3-nextgeneratiResearchers from the U.S. Department of Energy’s Idaho National Laboratory (INL) and Oak Ridge National Laboratory (ORNL) have found that tristructural-isotropic (TRISO) fuel is much safer and robust than any other nuclear fuel when used in nuclear reactors. This breakthrough the team made by analyzing isolated individual particles, which secrete cesium, using a specially designed computer-controlled automation.

Fears of accidents in nuclear power plants after the disaster that stroked Fukushima, have resulted in a loss of trust in this type of energy generation. Although considered clean, nuclear reactors can be extremely dangerous and pose severe risk of accidents if damage occurs.

David Petti, director of the Very High Temperature Reactor Technology Development Office, and his team have been trying to find ways to improve the safety of nuclear reactors. Over the past few years, they studied the effect of extreme temperatures on the speed of release of fission products from TRISO fuel. This fuel was developed back in the 1980s in Germany and it is made of tiny particles, which have uranium center, covered by two layers of carbon and a layer of silicon carbide between them.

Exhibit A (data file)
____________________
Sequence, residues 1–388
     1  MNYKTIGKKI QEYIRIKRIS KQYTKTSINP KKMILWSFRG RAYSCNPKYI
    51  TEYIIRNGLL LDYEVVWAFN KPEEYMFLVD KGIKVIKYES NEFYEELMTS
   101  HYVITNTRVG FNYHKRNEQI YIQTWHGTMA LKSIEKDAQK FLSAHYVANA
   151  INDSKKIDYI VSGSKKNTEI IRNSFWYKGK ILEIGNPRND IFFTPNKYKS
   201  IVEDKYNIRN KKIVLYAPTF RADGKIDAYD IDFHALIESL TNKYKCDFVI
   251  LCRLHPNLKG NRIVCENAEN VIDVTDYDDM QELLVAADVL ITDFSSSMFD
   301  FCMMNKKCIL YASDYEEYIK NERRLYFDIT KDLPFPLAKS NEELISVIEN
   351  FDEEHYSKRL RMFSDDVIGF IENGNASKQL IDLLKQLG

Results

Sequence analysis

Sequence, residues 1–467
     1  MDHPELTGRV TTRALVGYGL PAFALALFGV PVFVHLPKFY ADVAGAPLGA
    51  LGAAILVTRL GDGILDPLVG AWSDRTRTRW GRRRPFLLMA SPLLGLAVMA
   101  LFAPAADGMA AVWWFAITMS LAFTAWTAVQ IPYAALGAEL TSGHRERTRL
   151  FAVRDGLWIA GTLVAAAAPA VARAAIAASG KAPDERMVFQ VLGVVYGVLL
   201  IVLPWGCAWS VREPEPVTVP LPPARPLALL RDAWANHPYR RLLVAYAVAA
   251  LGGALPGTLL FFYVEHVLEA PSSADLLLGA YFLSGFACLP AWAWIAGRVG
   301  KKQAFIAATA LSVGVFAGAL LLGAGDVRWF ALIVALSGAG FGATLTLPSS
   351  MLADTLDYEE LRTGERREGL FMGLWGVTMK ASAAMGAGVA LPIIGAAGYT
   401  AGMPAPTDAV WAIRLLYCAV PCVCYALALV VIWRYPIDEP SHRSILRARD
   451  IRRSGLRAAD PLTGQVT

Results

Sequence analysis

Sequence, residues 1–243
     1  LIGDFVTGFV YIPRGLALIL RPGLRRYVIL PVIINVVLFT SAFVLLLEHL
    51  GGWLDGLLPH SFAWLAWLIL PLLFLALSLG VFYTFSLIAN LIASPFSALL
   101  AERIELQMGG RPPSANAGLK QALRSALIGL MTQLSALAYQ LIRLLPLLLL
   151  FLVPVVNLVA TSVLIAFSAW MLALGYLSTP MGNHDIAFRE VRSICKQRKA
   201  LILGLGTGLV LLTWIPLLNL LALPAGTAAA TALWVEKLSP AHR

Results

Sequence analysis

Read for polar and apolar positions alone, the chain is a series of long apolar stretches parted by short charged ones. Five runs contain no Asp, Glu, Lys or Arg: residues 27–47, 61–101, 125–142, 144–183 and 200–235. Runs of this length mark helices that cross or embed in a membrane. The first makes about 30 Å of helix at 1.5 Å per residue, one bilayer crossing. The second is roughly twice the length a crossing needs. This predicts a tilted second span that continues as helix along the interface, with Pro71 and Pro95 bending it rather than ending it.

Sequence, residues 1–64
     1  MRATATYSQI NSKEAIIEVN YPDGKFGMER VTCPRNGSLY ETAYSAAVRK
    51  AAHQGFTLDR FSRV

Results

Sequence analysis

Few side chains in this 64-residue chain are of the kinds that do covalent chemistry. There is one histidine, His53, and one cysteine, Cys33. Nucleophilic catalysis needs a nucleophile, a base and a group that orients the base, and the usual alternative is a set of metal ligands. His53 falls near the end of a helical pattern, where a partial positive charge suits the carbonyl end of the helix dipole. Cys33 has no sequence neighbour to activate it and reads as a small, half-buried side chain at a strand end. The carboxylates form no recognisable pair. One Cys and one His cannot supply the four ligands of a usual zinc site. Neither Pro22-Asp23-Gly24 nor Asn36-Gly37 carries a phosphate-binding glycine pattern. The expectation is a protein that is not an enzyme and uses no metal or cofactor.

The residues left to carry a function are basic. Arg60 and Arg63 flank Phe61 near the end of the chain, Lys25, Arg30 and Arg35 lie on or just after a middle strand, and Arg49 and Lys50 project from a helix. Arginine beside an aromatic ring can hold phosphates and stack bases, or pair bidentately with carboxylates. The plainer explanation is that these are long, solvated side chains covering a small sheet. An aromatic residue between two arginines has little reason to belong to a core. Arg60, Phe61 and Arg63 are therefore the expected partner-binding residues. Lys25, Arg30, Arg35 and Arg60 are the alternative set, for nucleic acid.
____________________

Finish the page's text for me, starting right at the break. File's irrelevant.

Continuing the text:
The scientists discovered that exposing the fuel to 1,800 degrees Celsius, not only did not cause leakage but it even improved the primary containment system of the fuel particles.

For the tests, the team simulated accident conditions, by placing capsules containing the TRISO fuel in a test reactor and exposed them to neutron irradiation. They then increased the temperature and observed the behavior of the fuel particles. In addition, the team dissolved the matrix, which contains the particles in a pallet in order to identify possible defects.

The fact that almost none of the particles escaped the system even after being exposed to 200 degrees higher temperatures than these during an accident, the scientists translated as an increase in reactor’s safety. By studying the irregularities in the defect particles, the team is aiming to gain further understanding and improve on the performance of the reactor.

The team is now planning to test the behavior at higher temperatures, in order to see how far they can push the limits.

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